the resulting decrease in pressure and partial boiling
lowers its temperature to its new boiling point. As the
refrigerant flows through the evaporator, passenger
compartment air passes over the outside surface of the
evaporator coils. As it boils, the refrigerant absorbs
heat from the air and thus cools the passenger
The heat from the passenger
compartment is absorbed by the boiling refrigerant and
hidden in the vapor. The refrigeration cycle is now
under way. The following functions must be done to
complete the refrigeration cycle:
1. Disposing of the heat in the vapor
2. Converting the vapor back to liquid for reuse
3. Returning of the liquid to the starting point in the
The compressor and condenser (fig. 7-35) perform
these functions. The compressor pumps the refrigerant
vapor (containing the hidden heat) out of the
evaporator and suction accumulator drier, then forces
it under high pressure into the condenser which is
located in the outside air stream at the front of the
vehicle. The increased pressure in the condenser raises
the refrigerant condensation or saturation temperature
to a point higher than that of the outside air. As the heat
transfers from the hot vapor to the cooler air, the
refrigerant condenses back to a liquid. The liquid
under high pressure now returns through the liquid line
to the fixed orifice tube for reuse.
It may seem difficult to understand how heat can
be transferred from a comparatively cooler vehicle
passenger compartment to the hot outside air. The
answer lies in the difference between the refrigerant
pressure that exists in the evaporator and the pressure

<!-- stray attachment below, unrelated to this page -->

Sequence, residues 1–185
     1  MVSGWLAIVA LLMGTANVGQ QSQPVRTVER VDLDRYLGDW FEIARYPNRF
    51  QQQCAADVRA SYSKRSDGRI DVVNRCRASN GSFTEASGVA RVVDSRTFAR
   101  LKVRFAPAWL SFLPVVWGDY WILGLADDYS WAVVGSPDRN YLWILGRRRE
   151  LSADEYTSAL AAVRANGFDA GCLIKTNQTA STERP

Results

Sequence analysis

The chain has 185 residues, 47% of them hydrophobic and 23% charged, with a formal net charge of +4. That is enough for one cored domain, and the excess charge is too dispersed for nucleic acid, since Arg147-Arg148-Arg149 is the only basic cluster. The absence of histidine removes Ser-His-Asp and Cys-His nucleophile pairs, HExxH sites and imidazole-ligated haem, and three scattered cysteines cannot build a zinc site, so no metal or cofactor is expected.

that exists in the condenser. In the evaporator, the
compressor suction reduces the pressure and the
boiling point below the temperature of the passenger
compartment. Thus heat transfers from the passenger
compartment to the boiling refrigerant.
condenser, the compressor raises the condensation
point above the temperature of the outside air. Thus
the heat transfers from the condensing refrigerant to
the outside air.
The fixed orifice tube and the
compressor simply create pressure conditions that
permit the laws of nature to function.
There are three basic types of air-conditioning
compressors in general use in automotive applications.
Each of these uses a reciprocating (back-and-forth
motion) piston arrangementtwo-cylinder
reciprocating, swash plate, and scotch yoke. Most
automotive compressors are semihermetic.
Two-cylinder compressors (fig. 7-36) usually
contain two pistons in a parallel V-type configuration.
The pistons are attached to a connecting rod, which is
driven by the crankshaft. The crankshaft is connected
to the compressor clutch assembly, which is driven by
an engine belt.
Reed valves generally are used to
control the intake and exhaust of the refrigerant gas
during the pumping operation. These compressors are
usually constructed of die cast aluminum.
In the swash plate or "wobble plate" compressor
(fig. 7-37), the piston motion is parallel to the
Figure 7-36.Two-cylinder reciprocating compressor.
Figure 7-37.Five-cylinder swash plate compressor.